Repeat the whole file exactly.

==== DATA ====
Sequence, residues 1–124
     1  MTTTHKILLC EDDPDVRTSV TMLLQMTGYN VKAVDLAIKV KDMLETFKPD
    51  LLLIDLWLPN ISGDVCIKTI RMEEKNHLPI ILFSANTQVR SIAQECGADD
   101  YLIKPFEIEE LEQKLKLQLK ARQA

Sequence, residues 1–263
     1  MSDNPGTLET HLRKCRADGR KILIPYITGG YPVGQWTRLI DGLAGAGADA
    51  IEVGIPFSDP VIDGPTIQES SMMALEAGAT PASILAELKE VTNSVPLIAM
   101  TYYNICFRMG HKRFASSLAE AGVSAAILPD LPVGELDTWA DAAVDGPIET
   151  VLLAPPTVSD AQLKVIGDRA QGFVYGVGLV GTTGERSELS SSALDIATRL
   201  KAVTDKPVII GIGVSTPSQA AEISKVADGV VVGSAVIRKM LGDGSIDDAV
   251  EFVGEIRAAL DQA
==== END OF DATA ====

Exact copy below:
Sequence, residues 1–124
     1  MTTTHKILLC EDDPDVRTSV TMLLQMTGYN VKAVDLAIKV KDMLETFKPD
    51  LLLIDLWLPN ISGDVCIKTI RMEEKNHLPI ILFSANTQVR SIAQECGADD
   101  YLIKPFEIEE LEQKLKLQLK ARQA

Sequence, residues 1–263
     1  MSDNPGTLET HLRKCRADGR KILIPYITGG YPVGQWTRLI DGLAGAGADA
    51  IEVGIPFSDP VIDGPTIQES SMMALEAGAT PASILAELKE VTNSVPLIAM
   101  TYYNICFRMG HKRFASSLAE AGVSAAILPD LPVGELDTWA DAAVDGPIET
   151  VLLAPPTVSD AQLKVIGDRA QGFVYGVGLV GTTGERSELS SSALDIATRL
   201  KAVTDKPVII GIGVSTPSQA AEISKVADGV VVGSAVIRKM LGDGSIDDAV
   251  EFVGEIRAAL DQA